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Syncona and Novo Holdings, though the filing does not specify the percentages of their stakes.
The Freeline IPO filing follows a number of recent signals about its financing intentions. Three weeks ago, the company announced that its $40 million Series C round of financing had been extended to $120 million, with participation from the type of crossover investors that indicate a company is preparing to join the public markets. The company said as much in a separate announcement the same day it revealed the expanded financing. Freeline says in its filing that it will use the IPO cash to complete the Phase 1/2 tests of its two lead programs and to continue the development of its two preclinical programs.
Meanwhile, Checkmate Pharmaceuticals is developing immunotherapies that overcome the ways cancer evades detection by the immune system. The clinical-stage company’s lead drug candidate, CMP-001, is being tested in melanoma. In its IPO paperwork, the biotech set a preliminary IPO target of $75 million to continue the clinical development of that drug and others in its pipeline.
The lead Checkmate program packages an oligonucleotide inside a virus-like particle in order to target the immune cell receptor TLR9. Injected into a tumor, the drug is intended to stimulate the innate immune system, which is responsible for marshalling T cells into action against tumors throughout the body, the Cambridge, MA-based company says in its filing.
Checkmate aims to improve how many people can be helped by a different type of immunotherapy called a checkpoint inhibitor. These drugs block checkpoint proteins—proteins that keep the immune system from recognizing a tumor. Checkpoint inhibitors work in some patients but not in others. Checkmate says that pairing its drug with a checkpoint inhibitor could expand immunotherapy’s reach to more patients.
So far, CMP-001 has been tested in more than 200 melanoma patients, by itself and in combination with pembrolizumab (Keytruda), the blockbuster-selling checkpoint inhibitor marketed by Merck (NYSE: MRK). According to results of a Phase 1b study testing the drug in patients with advanced melanoma that has not responded to treatment with a checkpoint inhibitor, the drug combination led to an objective response rate of 28 percent, meaning those patients’ tumors had shrunk significantly or disappeared after a predetermined amount of time.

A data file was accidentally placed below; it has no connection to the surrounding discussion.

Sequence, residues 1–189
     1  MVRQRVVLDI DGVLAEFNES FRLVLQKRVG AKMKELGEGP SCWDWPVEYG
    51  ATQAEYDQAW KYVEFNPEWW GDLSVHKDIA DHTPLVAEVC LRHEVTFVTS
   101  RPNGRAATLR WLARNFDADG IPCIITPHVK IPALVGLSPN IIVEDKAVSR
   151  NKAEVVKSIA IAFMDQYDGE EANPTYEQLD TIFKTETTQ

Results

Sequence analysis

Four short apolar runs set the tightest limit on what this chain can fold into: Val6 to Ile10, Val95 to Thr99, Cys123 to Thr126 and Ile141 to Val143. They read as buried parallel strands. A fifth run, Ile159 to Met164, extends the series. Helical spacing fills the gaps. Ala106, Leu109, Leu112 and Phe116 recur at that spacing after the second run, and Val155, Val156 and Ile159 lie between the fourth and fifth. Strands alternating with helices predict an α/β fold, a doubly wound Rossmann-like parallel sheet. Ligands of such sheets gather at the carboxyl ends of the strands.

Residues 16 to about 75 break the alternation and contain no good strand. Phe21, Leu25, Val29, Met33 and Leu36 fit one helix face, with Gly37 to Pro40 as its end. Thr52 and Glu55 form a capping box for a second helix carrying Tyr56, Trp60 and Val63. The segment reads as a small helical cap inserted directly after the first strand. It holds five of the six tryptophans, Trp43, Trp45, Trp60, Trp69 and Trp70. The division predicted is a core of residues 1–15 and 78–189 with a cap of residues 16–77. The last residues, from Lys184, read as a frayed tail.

CMP-001 is also being evaluated in a Phase 2 study that combines the drug with the Bristol Myers Squibb (NYSE: BMY) checkpoint inhibitor nivolumab (Opdivo) in patients who have not undergone surgery or treatment with a checkpoint inhibitor. In preliminary results, Checkmate says the drug produced a pathologic complete response of 62 percent.
Checkmate was founded in 2015 by Art Krieg, the company’s chief scientific officer and a biotech industry veteran whose experience include executive roles at Sarepta Therapeutics (NASDAQ: SRPT) and RaNa Therapeutics (renamed Translate Bio (NASDAQ: TBIO) in 2017). The company has raised $175 million, according to the IPO filing. Its largest shareholders are Sofinnova Venture Partners and venBio, each with a 21 percent stake.
If Checkmate completes its IPO, it expects to trade on the Nasdaq under the stock symbol “CMPI.” The IPO cash is earmarked for two mid-stage studies intended to support FDA submissions in advanced melanoma. But Checkmate says the drug has the potential to address other solid tumors, and it wants to start testing those applications too. Head and neck cancer is next in line for a Phase 2 proof-of-concept study.
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